Trump has publicly and privately threatened payback in the form of investigations against his perceived enemies including former FBI Director James Comey and former FBI Director Andrew McCabe, whom prosecutors said Friday they would not charge with lying about leaking. And he’s also pressed for investigations into political rival Joe Biden and his son Hunter, especially following Trump’s impeachment acquittal over a phone call where he asked Ukraine’s leaders to investigate the Bidens.
And Flynn’s case has become something of a cause for Trump supporters, who have seized on the former Trump aide’s assertion that he was somehow ambushed by the FBI during an interview at the White House.
As for Comey, Trump has tweeted scores of times that he should be charged with crimes. Trump was particularly incensed that no charges were filed over the former FBI director’s handling of memos about his interactions with Trump, according to a White House official and Republican close to the White House not authorized to speak publicly about private discussions.
The president angrily denounced the decision not to charge Comey to aides and berated Barr over it, according to the officials. Aides expected the decision not to charge McCabe could produce a similar angry reaction.
Trump has also repeatedly complained about FBI Director Christopher Wray in recent months, saying that Wray has not done enough to rid the bureau of people who are disloyal to him.
An administration official acknowledged there has been some tension between Trump and Barr in recent weeks, but said Trump still has confidence in his attorney general.
The official, who spoke on condition of anonymity in order to discuss private conversations, said Trump also knows it would be risky to remove Barr ahead of the 2020 election and that it is highly unlikely he could find a suitable replacement before then.
Earlier this week, the Justice Department overruled its own prosecutors — who had recommended in a court filing that Trump’s longtime ally and confidant Stone be sentenced to 7 to 9 years in prison — and took the extraordinary step of lowering the amount of prison time it would seek. The entire trial team of prosecutors quit the case after the amended filing, and one quit the DOJ altogether.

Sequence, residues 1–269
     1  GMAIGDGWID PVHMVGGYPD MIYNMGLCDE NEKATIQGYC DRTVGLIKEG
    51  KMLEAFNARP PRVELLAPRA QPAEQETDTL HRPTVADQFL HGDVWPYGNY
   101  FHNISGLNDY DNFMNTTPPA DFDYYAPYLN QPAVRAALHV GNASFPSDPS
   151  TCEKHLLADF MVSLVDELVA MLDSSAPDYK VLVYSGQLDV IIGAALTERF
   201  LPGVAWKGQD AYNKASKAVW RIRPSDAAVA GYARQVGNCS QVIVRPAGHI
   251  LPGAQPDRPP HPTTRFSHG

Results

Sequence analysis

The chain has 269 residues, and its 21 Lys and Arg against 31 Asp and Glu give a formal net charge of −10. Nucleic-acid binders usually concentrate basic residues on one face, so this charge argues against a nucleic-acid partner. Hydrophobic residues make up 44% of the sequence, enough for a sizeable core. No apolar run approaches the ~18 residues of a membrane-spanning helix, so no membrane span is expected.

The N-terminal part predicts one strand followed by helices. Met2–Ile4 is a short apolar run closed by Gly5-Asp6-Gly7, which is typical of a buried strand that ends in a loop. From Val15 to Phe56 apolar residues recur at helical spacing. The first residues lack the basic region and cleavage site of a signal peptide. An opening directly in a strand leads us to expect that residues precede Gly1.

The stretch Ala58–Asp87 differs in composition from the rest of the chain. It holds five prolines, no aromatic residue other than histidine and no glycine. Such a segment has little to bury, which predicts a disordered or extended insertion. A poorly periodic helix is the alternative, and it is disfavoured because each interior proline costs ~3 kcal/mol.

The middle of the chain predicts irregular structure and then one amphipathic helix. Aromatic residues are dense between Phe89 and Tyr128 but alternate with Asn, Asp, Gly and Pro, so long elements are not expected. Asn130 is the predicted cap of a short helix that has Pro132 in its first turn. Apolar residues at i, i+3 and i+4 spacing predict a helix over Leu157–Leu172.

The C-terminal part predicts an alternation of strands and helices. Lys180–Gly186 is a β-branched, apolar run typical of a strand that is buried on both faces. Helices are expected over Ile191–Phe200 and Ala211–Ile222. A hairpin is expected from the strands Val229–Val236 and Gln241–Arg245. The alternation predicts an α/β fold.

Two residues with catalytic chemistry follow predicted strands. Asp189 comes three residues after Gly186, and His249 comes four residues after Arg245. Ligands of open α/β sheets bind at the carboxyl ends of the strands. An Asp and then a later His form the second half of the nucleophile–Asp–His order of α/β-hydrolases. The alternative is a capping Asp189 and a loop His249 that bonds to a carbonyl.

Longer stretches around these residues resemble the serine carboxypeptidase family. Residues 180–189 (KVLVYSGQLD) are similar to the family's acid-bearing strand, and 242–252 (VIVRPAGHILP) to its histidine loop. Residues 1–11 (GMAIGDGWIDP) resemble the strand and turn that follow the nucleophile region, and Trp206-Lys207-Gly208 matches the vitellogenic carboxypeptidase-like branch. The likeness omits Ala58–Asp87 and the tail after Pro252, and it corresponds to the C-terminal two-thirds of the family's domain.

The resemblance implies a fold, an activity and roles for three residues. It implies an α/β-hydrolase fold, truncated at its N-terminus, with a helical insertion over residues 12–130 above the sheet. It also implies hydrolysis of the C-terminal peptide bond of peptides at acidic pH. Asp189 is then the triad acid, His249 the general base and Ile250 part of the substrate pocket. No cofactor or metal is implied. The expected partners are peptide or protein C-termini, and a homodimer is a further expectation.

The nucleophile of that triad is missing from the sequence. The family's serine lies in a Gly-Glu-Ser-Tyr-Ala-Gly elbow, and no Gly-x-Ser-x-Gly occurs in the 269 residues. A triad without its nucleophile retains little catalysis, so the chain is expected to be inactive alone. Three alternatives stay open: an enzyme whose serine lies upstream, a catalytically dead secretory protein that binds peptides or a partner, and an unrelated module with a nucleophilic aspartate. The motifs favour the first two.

Barr faced intense criticism over the decision, which followed just hours after Trump tweeted his displeasure about the harsher recommendation. Trump greeted the reversal with another tweet congratulating Barr for taking action, which proved to be a tipping point for the attorney general. He opted for a public interview to air his frustrations with the president while word was sent to the White House just a short time before it aired.
On Friday, Trump quoted one of Barr’s comments in the interview: “The president has never asked me to do anything in a criminal case.” A.G. Barr — and then Trump added in his tweet — “This doesn’t mean that I do not have, as President, the legal right to do so, I do, but I have so far chosen not to!”
Stone is to be sentenced by a federal judge next week. His lawyers filed a motion Friday evening seeking a new trial, though details of the motion remained under seal.
House Democrats frustrated over the Senate’s acquittal of Trump on impeachment want answers from Barr about what they see as his efforts to politicize federal law enforcement. House Judiciary Committee Chairman Jerrold Nadler said Barr will testify before the panel March 31.
The Justice Department insisted the decision to undo the sentencing recommendation was made Monday night — before Trump blasted the recommendation on Twitter as “very horrible and unfair”— and prosecutors had not spoken to the White House about it.
Barr joined a roster of high-level aides who have publicly criticized Trump, though the rest left their jobs first. Former National Security Adviser John Bolton is to publish a book next month detailing his time in the White House including criticism of Trump actions such as his decision to withhold military assistance while seeking a political favor from Ukraine. And former Chief of Staff John Kelly, who has largely kept a low profile since leaving the White House, has grown more open about his unflattering assessments of the president.